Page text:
SCC approves first biogas project under new law
CHARLOTTESVILLE, Va. — Virginia’s State Corporation Commission (SCC) has approved the first biogas supply infrastructure project under the Virginia Energy Innovation Act, a new state law adopted in 2022. On January 23, 2023, the SCC approved Roanoke Gas Company’s application to build a facility that will upgrade anaerobic digester gas from the Western Virginia Water Authority’s wastewater treatment plant to renewable natural gas (RNG) and inject it into the company’s grid for distribution to customers.
The new law allows utilities to recover costs from customers for biogas projects that will achieve greenhouse gas emission reductions. Cutting emissions of methane, the primary component of natural gas, is particularly important because methane is an extremely potent greenhouse gas.
The Southern Environmental Law Center, on behalf of Appalachian Voices, participated in this SCC proceeding to scrutinize the climate benefits the company promised. Through careful vetting of the company’s data, Appalachian Voices successfully showed that the company had exaggerated the project’s climate benefits.
“We are disappointed with the Commission’s analysis,” Peter Anderson, Virginia Policy Director at Appalachian Voices, said. “As the Commonwealth begins to address methane emissions, we must be vigilant to ensure that proposals like these actually do what they claim, and that customers are protected where purported environmental benefits are merely speculative and unproven. When the risk is on captive customers instead of project developers, we count on the SCC to protect the public interest.”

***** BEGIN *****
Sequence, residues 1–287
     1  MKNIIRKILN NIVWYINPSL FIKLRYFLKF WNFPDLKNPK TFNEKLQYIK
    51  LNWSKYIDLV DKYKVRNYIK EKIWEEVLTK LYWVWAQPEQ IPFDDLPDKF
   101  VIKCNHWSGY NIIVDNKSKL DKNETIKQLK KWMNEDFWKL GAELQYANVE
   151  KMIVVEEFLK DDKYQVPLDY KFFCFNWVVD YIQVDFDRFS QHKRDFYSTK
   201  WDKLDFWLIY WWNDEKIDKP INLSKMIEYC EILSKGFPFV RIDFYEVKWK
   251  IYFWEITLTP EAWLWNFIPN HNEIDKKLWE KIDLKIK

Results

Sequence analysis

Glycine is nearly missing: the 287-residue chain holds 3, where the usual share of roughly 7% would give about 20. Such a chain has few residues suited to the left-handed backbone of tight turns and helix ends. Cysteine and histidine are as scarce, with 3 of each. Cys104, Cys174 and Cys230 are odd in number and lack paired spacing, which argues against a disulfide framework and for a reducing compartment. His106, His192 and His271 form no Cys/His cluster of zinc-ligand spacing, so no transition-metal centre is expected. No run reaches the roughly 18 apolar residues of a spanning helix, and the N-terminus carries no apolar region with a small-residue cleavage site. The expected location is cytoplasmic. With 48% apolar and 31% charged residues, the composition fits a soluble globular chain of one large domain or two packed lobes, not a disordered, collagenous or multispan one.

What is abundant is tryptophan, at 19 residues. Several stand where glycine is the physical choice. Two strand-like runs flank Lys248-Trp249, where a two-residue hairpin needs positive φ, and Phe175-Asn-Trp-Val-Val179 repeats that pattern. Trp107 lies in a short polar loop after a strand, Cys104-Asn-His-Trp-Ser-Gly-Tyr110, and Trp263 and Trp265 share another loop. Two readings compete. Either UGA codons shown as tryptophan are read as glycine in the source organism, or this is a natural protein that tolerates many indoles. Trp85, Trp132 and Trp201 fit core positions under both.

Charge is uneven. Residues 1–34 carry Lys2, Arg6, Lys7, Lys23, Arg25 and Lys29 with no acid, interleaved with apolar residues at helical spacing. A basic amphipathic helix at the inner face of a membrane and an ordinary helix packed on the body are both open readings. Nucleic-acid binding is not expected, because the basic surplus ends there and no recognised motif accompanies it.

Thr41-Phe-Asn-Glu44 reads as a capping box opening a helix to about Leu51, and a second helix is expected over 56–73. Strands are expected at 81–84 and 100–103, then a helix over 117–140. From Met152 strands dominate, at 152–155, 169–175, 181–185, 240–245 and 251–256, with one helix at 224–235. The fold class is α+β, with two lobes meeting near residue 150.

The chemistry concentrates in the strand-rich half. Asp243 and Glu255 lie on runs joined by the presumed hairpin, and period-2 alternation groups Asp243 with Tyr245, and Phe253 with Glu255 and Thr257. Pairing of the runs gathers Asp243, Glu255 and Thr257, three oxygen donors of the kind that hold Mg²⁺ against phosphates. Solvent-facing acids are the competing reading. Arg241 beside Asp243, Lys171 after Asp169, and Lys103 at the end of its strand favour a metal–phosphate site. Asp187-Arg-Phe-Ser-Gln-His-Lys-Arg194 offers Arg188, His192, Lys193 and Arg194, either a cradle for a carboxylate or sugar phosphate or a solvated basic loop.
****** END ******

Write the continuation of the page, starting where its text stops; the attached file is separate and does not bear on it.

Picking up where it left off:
Although the Commission ultimately determined that the project will result in some greenhouse gas emission reductions and approved the project, it is critical that the SCC rigorously assess the climate claims made in future biogas project applications under the new law. “We support projects that offer climate benefits at a reasonable cost to utility customers. However, through our participation in this case, we were able to show that the company’s claims of climate benefits conflicted with the available data,” said SELC Associate Attorney Claire Horan. “There is a real risk that some biogas projects will be touted as environmentally friendly but will instead increase greenhouse gas emissions. We plan to continue advocating for thorough evaluations of these projects at the SCC to ensure that utility customers are only asked to pay for projects with significant climate benefits.”
About Appalachian Voices
Appalachian Voices is a leading nonprofit advocate for a healthy environment and just economy in the Appalachian region, and a driving force in America’s shift from fossil fuels to a clean energy future.
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